Tillerson Rages At White House Over Personnel, Policy Decisions

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Will Racke Immigration and Foreign Policy Reporter
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Secretary of State Rex Tillerson’s relationship with the White House has frayed to the breaking point over the last month, as the nation’s top diplomat and his West Wing overseers fight about staffing decisions and diplomatic strategy.

One of President Donald Trump’s earliest cabinet appointments, Tillerson now finds himself increasingly isolated within the administration, with presidential advisers thwarting his personnel appointments and undermining his public responses to international crises.

Those simmering tensions boiled over on Friday, when he exploded at White House personnel director Johnny DeStefano for squashing his nominations to high-level State Department posts and for second-guessing his judgment, Politico reported.

The secretary of state reportedly blasted DeStefano during a meeting also attended by Chief of Staff Reince Priebus and senior Trump adviser Jared Kushner. Tillerson insisted that the White House no longer “have any role in staffing” and he “expressed frustration that anybody would know better” about who should work in his department, a White House official told Politico.

The outburst was so out of character for Tillerson, reports Politico, that Kushner later told the secretary’s chief of staff it was “unprofessional” and that Tillerson needed to “work out a solution” to his problems with the White House. Tillerson spokesman R.C. Hammond downplayed the disagreement, calling it a “frank exchange” among colleagues.

“Evaluating nominees did get off to a slow start, but it is now moving along at a pretty good clip,” he told Politico.

Friday’s episode was the latest in which Tillerson has raged at what he considers deliberate effort by the White House to subvert his authority over the State Department and to run foreign policy through a small team of aides in the West Wing.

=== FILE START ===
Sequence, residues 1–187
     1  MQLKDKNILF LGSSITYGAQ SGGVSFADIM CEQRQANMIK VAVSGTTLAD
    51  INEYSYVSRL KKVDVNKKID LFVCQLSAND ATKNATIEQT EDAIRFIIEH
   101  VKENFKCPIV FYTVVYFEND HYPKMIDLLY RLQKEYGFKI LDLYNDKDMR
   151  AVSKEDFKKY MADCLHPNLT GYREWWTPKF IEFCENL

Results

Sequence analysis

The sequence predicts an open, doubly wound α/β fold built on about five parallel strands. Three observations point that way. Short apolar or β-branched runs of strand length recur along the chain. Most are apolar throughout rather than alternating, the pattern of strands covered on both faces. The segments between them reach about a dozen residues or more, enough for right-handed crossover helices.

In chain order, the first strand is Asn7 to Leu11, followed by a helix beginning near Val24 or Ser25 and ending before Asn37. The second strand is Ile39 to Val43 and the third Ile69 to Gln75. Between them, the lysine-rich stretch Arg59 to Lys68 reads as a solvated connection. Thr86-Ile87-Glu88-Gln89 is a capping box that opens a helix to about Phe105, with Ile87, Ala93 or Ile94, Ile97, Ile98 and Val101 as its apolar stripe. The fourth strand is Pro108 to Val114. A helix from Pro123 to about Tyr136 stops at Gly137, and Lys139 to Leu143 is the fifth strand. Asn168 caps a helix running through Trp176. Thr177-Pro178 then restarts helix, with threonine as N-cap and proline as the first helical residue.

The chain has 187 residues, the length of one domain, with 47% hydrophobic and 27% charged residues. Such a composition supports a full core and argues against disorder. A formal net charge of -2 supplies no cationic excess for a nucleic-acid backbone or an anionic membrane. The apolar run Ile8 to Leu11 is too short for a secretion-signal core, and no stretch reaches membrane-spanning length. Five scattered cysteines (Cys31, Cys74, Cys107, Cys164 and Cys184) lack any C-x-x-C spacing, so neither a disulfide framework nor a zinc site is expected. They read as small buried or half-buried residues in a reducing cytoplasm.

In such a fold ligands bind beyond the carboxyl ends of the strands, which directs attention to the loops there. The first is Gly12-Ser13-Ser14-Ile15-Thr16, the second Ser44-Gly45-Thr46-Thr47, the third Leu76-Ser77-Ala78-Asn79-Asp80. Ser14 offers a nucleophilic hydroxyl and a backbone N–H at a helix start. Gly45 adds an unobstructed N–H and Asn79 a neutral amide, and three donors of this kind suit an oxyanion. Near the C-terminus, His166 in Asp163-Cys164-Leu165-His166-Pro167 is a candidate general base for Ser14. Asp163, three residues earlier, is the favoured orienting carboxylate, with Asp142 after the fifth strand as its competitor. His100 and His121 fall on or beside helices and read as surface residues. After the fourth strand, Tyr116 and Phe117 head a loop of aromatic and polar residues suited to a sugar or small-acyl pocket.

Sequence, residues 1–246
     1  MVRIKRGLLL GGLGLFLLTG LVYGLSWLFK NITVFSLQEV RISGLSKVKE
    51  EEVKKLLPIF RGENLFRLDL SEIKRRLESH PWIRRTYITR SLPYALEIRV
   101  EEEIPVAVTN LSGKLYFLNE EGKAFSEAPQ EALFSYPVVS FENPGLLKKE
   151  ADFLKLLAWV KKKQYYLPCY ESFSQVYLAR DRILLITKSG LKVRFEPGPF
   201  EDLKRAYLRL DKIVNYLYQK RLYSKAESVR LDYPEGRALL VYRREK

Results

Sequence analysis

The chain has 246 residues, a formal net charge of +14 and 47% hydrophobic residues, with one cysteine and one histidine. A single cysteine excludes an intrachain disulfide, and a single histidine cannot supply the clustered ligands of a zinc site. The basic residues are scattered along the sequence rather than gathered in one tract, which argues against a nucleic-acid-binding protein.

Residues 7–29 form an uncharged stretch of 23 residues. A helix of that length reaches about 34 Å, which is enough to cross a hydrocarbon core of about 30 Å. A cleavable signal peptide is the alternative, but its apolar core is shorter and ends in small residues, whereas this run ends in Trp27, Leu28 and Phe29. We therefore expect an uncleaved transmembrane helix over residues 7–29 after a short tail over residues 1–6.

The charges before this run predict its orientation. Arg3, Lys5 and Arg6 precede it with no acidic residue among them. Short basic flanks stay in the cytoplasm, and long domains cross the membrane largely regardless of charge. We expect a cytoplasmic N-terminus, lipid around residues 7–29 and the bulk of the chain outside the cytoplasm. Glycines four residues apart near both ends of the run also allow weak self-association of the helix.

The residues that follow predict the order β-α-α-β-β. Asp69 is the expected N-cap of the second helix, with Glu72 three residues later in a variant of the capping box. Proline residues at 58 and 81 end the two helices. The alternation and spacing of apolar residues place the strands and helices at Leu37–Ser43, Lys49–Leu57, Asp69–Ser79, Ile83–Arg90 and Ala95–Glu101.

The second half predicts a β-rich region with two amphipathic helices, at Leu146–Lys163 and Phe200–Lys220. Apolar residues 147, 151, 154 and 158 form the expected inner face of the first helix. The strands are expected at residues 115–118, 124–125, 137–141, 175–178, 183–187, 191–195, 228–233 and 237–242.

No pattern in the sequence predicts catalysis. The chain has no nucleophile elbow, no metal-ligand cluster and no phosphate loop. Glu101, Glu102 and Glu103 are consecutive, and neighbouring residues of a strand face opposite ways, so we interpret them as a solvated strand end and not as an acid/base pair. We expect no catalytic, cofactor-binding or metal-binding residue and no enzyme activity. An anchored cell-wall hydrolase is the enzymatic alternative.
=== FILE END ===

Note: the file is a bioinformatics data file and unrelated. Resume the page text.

In the early days of the ongoing diplomatic spat between Qatar and its Persian Gulf neighbors, Tillerson publicly encouraged Saudi Arabia, the UAE, Bahrain and Egypt to ease their anti-Qatar blockade. Trump almost immediately contradicted his comments, taking a much harsher position against Qatar and saying that it has “historically been a funder of terrorism at a very high level.”

The president’s statement shocked Tillerson, who had coordinated his response to the Qatar crisis with Secretary of Defense James Mattis. A Tillerson confidant said the secretary of state was not only “blind-sided by the Trump statement,” but “absolutely enraged that the White House and State Department weren’t on the same page,” reports foreign policy analyst Mark Perry. Making matters worse, Tillerson’s inner circle was convinced that the person behind Trump’s remarks was U.A.E. ambassador Yousef Al Otaiba, a close friend of Kushner’s.

The incident served to harden Tillerson’s perception that it is Kushner who is actually in charge of attending to the country’s most sensitive foreign policy problems, especially in the Middle East. As former CEO of ExxonMobil with decades of experience negotiating deals in the region, Tillerson resents playing second fiddle to the president’s well-connected but inexperienced son-in-law.

“Rex is a 65-year-old guy who worked his way up from the bottom at Exxon, and he chafes at the idea of taking orders from a 38-year-old political operative,” a former Tillerson aide told Politico.

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